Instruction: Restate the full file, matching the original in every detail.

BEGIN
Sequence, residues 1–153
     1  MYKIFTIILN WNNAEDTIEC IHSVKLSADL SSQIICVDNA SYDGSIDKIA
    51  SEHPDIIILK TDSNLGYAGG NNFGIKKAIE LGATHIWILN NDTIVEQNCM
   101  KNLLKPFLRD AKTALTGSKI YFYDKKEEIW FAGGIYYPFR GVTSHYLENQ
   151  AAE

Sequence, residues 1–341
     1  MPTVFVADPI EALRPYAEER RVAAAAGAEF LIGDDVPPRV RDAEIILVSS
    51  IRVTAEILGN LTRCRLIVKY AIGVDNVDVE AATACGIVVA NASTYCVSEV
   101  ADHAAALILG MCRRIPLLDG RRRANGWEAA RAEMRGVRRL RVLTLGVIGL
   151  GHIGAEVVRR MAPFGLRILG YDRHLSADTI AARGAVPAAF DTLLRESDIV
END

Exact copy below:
Sequence, residues 1–153
     1  MYKIFTIILN WNNAEDTIEC IHSVKLSADL SSQIICVDNA SYDGSIDKIA
    51  SEHPDIIILK TDSNLGYAGG NNFGIKKAIE LGATHIWILN NDTIVEQNCM
   101  KNLLKPFLRD AKTALTGSKI YFYDKKEEIW FAGGIYYPFR GVTSHYLENQ
   151  AAE

Sequence, residues 1–341
     1  MPTVFVADPI EALRPYAEER RVAAAAGAEF LIGDDVPPRV RDAEIILVSS
    51  IRVTAEILGN LTRCRLIVKY AIGVDNVDVE AATACGIVVA NASTYCVSEV
   101  ADHAAALILG MCRRIPLLDG RRRANGWEAA RAEMRGVRRL RVLTLGVIGL
   151  GHIGAEVVRR MAPFGLRILG YDRHLSADTI AARGAVPAAF DTLLRESDIV